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Taking Risks Innes Turner, East Renfrewshire Council

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Presentation on theme: "Taking Risks Innes Turner, East Renfrewshire Council"— Presentation transcript:

1 Taking Risks Innes Turner, East Renfrewshire Council
Kelly Gainty, East Dunbartonshire Council

2 The Risks We Take? If you’re happy to – share with us a big risk that you have taken in your life. Now tell us about a daily risk that you take.

3 So what is Risk? “Risk is often seen as a negative thing with negative consequences…in taking an outcomes focused approach people’s desired outcomes may well involve them undertaking a certain amount of risky behaviour…practitioners themselves may find applying an outcomes approach risky…it is important to move away from more traditional attitudes to risk that centre around avoiding all risks to people…towards the concept of taking risks in a positive and mindful way to allow…achieve their desired outcomes” (IRISS Leading for Outcomes: A Guide)

4 SCIE (Social Care Institute for Excellence) (2010)
“Providing real choice and control for people who use social care means enabling people to take the risks they choose particularly in the use of Self Directed Support

5 Why are we Councils/Support Providers risk averse?
Need to find someone to blame. Support providers sued and found negligent. Not understanding what the choices and associated risks are. Questioning whether a person has capacity to make judgements about risk. Unwelcome media attention Are we the only ones that are risk averse?

6 SDS – Personalisation What stops us taking it forward?
Increased risk to those already at risk of abuse or neglect. Reluctance to take advantage of new opportunities because of fear of potential risks. Risk aversion – families, professionals, organisations – hinders choice and control Lack of confidence from all parties re sharing responsibility of risk (DOH 2010 – Nothing Ventured, Nothing Gained)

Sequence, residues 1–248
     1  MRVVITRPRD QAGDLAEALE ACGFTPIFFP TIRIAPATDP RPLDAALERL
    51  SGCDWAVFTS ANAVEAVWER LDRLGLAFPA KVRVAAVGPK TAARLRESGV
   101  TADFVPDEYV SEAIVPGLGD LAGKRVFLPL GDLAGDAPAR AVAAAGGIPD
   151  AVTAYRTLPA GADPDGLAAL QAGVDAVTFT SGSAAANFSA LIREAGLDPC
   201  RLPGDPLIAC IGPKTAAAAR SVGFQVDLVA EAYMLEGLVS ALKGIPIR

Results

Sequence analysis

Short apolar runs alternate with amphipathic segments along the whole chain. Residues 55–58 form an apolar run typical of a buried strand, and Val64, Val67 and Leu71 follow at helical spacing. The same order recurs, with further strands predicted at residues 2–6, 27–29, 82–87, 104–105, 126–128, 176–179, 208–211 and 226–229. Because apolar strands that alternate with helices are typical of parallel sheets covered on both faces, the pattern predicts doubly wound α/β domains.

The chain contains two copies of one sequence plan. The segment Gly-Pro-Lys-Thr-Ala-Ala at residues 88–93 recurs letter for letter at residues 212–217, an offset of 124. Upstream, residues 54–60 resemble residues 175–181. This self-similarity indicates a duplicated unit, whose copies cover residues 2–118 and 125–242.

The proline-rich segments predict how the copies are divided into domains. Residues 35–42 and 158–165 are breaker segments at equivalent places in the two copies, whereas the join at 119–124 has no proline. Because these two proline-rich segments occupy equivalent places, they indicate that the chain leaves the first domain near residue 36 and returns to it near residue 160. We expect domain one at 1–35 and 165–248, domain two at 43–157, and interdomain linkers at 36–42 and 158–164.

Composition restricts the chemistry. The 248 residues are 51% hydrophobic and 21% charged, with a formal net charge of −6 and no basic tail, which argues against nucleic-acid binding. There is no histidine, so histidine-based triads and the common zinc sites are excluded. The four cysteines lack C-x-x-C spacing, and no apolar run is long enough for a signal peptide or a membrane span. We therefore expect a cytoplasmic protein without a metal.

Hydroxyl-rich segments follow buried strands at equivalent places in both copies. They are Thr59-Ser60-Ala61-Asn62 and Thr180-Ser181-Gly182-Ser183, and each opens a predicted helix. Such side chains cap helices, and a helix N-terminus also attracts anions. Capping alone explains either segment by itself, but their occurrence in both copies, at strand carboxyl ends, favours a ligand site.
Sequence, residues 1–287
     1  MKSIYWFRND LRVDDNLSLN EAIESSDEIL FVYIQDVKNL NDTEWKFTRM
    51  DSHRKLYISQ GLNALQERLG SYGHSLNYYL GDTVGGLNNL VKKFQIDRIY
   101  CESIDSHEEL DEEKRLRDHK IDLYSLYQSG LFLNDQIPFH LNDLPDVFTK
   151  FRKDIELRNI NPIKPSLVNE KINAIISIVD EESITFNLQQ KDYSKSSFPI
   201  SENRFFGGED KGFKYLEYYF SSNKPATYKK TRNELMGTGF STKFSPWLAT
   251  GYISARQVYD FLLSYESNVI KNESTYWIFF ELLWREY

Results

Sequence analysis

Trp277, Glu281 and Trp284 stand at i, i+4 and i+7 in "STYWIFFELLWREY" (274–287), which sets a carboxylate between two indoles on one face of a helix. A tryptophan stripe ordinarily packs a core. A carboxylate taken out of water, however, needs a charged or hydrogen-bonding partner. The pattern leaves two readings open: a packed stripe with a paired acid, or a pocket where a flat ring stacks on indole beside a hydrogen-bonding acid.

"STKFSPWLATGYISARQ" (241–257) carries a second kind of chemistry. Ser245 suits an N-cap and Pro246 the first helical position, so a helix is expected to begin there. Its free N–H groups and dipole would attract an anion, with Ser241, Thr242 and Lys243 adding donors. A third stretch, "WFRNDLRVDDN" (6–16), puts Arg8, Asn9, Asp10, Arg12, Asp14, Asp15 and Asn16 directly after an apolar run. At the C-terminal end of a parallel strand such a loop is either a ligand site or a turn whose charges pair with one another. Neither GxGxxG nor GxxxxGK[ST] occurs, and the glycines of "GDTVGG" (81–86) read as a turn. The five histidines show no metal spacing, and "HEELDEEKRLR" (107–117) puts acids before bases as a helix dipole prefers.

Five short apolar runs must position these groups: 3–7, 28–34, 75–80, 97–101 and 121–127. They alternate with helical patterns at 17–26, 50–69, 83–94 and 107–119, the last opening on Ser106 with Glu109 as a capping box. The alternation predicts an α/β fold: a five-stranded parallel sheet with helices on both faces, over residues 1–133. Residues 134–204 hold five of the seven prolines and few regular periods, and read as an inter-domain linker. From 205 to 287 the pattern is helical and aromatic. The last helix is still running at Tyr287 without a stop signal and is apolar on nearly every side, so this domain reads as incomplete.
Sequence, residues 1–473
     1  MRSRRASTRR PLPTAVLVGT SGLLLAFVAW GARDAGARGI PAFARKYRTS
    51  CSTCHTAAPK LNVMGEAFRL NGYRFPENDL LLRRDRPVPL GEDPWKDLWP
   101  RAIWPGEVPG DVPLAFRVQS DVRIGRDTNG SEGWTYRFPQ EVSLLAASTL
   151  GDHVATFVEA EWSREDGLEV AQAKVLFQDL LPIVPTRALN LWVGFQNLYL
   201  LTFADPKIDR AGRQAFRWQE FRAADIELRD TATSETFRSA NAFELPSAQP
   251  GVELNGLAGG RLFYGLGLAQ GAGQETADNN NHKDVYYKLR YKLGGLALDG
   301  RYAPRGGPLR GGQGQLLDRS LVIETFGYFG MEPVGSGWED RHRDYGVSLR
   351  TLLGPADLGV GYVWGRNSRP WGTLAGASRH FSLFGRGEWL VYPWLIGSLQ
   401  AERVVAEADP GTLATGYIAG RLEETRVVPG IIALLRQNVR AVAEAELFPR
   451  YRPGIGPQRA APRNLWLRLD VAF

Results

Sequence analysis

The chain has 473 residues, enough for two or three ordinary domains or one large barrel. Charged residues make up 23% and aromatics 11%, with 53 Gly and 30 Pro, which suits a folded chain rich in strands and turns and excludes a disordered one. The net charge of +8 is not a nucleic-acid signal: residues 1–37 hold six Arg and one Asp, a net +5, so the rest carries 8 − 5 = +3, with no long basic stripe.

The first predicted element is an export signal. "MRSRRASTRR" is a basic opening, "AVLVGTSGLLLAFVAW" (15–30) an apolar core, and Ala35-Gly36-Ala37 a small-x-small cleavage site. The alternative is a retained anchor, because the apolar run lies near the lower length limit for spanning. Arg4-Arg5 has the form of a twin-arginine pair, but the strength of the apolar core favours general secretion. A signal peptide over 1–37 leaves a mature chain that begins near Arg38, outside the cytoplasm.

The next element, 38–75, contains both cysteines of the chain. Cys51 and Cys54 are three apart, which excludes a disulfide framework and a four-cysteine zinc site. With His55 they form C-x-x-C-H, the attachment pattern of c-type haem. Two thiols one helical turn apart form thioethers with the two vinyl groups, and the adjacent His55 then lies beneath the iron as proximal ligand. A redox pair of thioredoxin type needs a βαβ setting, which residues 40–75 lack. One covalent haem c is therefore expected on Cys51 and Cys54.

7 Independence, Choice and Risk
Choice and control are what everyone wants for themselves and those they care for, but sometimes the decisions they make may seem to others as too risky. Risk is a concept that tends nowadays to have mainly negative connotations. We live in a world where, when things go wrong, the media and society in general are quick to look for someone to blame and this is particularly the case when people using health and social care services are involved. Avoiding risk altogether would constrain the choices people can make. (Department of Health 2007)

8 What happens? What happens if organisations take a safety first approach? No real choice and control? Will people achieve good outcomes if prevented from taking risks? Become dependent? Losing skills?

9 Difference between perception and reality of risk
Level of knowledge different people have about support, choices, risk. Personal relationships i.e. children of older adults being overly protective out of fear – curbing independence. Perceiving a greater degree of risk than really exists. “Services are good at highlighting the downside of risk but poor at thinking about the great opportunities that facing up to risk and finding positive solutions in a creative and mindful way could mean for people, their families and their communities. A POSITIVE APPROACH TO RISK REQUIRES PERSON CENTRED THINKING! (JRF 2012 – The Right to take Risks)

Mr James Gainty, 80 year old man; Previous hobbies – walking the dog, hillwalking, keeping active in all ways; Not a socialiser, likes his own company; Diagnosed with Alzheimers; Lives alone (except for his beloved companion Tammy the dog); When out walking dog he has – fallen 3 times, got lost and had to ask for directions, been returned home by the police; Sometimes forgets to take his medication; Still likes cooking for himself but sometimes leave the electric ring on the cooker; HOW CAN WE SUPPORT JAMES?

11 So what were we asked to do for James
Look at a dog walking service – to take dog out not James (in case he falls while he is out!); Look at opportunities to attend day centre – socialisation and activities; Put in home carer to make all meals in microwave and isolate cooker; Consider long term residential care.

12 So how did we support James?
Referred to a befriending service – requesting a befriender who had a dog and could go walking a couple of times of week with James; Installed a Buddy System – GPS, set it for the route and it also included a fall sensor; Installed a temperatures extreme sensor – detected a build up of heat when electric cooker was left on; Set up a medication reminder using the community alarm – voice recorded by his daughter. The use of Assistive Technology can greatly reduce risks and alert to instances of concern much earlier.